Meet the producer of Dead Bod and The Heart Of Rugby
Artist Chris Hees creates awe-inspiring, powerful work that truly holds people and place at its centre. Chris, who runs Hull- and London-based production company Bridge Way Films, is one mega Bafta-winning, Oscar-nominated producer with a heap of experience in producing awesome live action and animation short films and microbudget features.
Chris was the main guy who brought the first BFI Film Academy to Hull – with his love for city inspiring him to bridge the gap between film and television in London.
For Made in Hull, Chris has produced Dead Bod with animators Mew Lab Animation – which brings to life the story of the infamous Dead Bod graffiti on show at various locations across the city. Chris also produced The Heart of Rugby – animated by Alex Twiston-Davies in Whitefriargate, inviting you to feel the burning passion of the game. One side red and white, the other black and white, representing Hull KR and Hull FC and their diehard supporters.
Here, Chris tells us more …
What are you best known for?
I am best known for my Bafta-winning, Oscar-nominated short film, The Bigger Picture. I produced the film during my time at the National Film and Television School, and since have begun developing feature films through my company Bridge Way Films. I’ve recently been supported by the BFI via a Vision Award and I plan to use this to bring Hull stories to the screen, one of which is an adaptation of Amy Johnson’s story.
Have you ever been involved in a project like Made In Hull before?
I have produced a number of animation films, but never for a stage such as this. I’ve been so excited to see it live to the public. It’s a little daunting as it’s so different from entertaining cinema goers – you really have to captivate an audience and make them notice when it’s projecting on the streets.
What made you want to get involved with Made In Hull?
I am a huge supporter of UK City of Culture and Hull in general. I’m currently on the board and promote the city where I can. I was thrilled to get involved, I know Sean and knew he would put something thoughtful and provocative together. It’s nice to be actively involved in this cultural resurgence my home city is having!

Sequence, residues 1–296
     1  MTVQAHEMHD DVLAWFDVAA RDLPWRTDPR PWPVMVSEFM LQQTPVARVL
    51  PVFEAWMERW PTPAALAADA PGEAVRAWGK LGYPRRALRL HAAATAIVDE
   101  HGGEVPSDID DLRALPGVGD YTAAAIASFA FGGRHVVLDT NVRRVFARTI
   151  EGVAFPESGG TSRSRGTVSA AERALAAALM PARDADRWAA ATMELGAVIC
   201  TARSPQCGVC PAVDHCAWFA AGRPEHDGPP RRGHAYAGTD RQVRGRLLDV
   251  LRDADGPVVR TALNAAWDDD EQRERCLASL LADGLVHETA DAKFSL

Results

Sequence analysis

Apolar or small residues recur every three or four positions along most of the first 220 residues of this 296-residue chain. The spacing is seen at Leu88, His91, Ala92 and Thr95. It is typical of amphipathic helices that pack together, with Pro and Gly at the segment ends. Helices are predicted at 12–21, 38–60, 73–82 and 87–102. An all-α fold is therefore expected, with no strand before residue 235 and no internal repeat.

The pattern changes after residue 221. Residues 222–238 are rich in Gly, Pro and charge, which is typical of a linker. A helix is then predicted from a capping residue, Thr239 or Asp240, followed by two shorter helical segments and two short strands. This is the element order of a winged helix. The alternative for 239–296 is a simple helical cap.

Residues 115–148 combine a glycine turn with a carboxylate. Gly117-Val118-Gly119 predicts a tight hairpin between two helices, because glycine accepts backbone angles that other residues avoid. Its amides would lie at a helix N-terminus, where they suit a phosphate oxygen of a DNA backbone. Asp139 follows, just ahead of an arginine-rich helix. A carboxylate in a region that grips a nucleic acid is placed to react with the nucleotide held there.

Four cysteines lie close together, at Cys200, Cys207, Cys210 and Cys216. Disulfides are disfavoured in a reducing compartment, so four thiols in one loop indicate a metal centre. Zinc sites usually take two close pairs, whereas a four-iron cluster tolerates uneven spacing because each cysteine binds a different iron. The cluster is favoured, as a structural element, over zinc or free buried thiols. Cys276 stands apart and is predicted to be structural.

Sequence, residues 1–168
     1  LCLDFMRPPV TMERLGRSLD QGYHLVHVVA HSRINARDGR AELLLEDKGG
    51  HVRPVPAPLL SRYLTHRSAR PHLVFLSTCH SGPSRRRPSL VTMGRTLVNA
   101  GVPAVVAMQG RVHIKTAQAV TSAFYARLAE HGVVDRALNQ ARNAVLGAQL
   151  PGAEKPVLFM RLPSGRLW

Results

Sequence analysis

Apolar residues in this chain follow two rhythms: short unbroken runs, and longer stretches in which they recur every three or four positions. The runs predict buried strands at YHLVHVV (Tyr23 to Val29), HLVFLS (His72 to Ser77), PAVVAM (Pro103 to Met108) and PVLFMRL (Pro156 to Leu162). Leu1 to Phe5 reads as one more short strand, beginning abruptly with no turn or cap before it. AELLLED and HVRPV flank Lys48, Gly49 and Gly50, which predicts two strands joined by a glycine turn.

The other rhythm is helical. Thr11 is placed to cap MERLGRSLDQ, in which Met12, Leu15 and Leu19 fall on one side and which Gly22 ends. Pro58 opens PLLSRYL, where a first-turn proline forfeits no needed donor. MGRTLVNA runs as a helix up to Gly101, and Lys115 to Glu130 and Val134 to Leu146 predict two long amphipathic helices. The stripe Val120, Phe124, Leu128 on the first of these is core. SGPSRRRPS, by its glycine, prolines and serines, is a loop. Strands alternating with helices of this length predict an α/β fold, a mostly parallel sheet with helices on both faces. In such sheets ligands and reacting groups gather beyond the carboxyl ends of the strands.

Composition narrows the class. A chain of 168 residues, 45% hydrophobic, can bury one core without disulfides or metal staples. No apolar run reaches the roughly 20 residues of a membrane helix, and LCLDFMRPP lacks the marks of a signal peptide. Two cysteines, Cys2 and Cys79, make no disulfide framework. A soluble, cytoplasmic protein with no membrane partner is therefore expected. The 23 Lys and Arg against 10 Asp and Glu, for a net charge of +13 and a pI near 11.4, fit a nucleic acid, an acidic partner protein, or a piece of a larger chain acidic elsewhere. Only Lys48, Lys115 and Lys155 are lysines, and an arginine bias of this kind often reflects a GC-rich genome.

Can you describe both installations in one sentence?
They have been created to breathe life into two much-loved aspects of Hull – rugby league and the Dead Bod graffiti.
How did the concept develop from the initial brief?
The team approached me with the plan to tell the story of Dead Bod through animation. We all wanted to be as true to the real story as we could so, after a bit of research, the story was finalised and the style itself was always going to reflect the original graffiti.
With the rugby animation the image came first – the beating heart through the two rugby league shirts. The whole piece reflects the idea that no matter what changes through time, the beating heart of the fans will never fail.
What do you hope people will experience through your installations?
There’s a little humour in Dead Bod. I hope people enjoy it for that as well as for its nostalgic elements!
I think the rugby animation will evoke passion for the supporters, something they can feel proud of. Rugby is a collective experience and hopefully the animations will be experienced in this way too.
Both the pieces I have produced are there for people to enjoy, and hopefully both will ignite fond memories.
The rugby animation can be seen in Whitefriargate and the Dead Bod animation is placed in three of the venues and shown during the down time between the main installation.
How have you used public spaces to help shape or display your work?
Dead Bod moves within the space of the buildings so it is pretty spectacular to see. The Heart Of Rugby is pretty simple really, we’re screening the pieces on widescreen TV and surrounding them with rugby memorabilia to breathe extra life and meaning into them.
What have you most enjoyed about being part of this project?
Working with MewLab and Alex Twiston-Davies has been great. Each of them brought different styles to the table but their ability to evoke emotion is the same. The feeling of excitement and pride when a simple design on paper turns in to moving image will never get old.
Being from Hull yourself, did the project excite you more?
I’m very proud to be from Hull. Entertaining audiences is what I love to do, so that audience being Hull-centric is fantastic.
Being able to showcase my work for the city – a piece of work they can also be proud of
– it just means the world to me.
How have your links with Hull inspired you in your previous work?
There are so many untold stories from Hull, either true stories or stories that are buried within the talent we have here, and it’s my aim as a producer to unearth these and bring them to mass audiences. You are where you come from, so I think it would be near impossible for my work not to always have a little bit of Hull within it.
What’s next for you?
I’m currently producing a Hull KR and Hull FC documentary, as well as developing a few other ideas.
Finally, Hull KR or Hull FC fan?
My dad’s a Hull KR fan and my brother’s a Hull FC fan so there was always a tug of war with regards to where I might align myself – but I’m definitely red and white.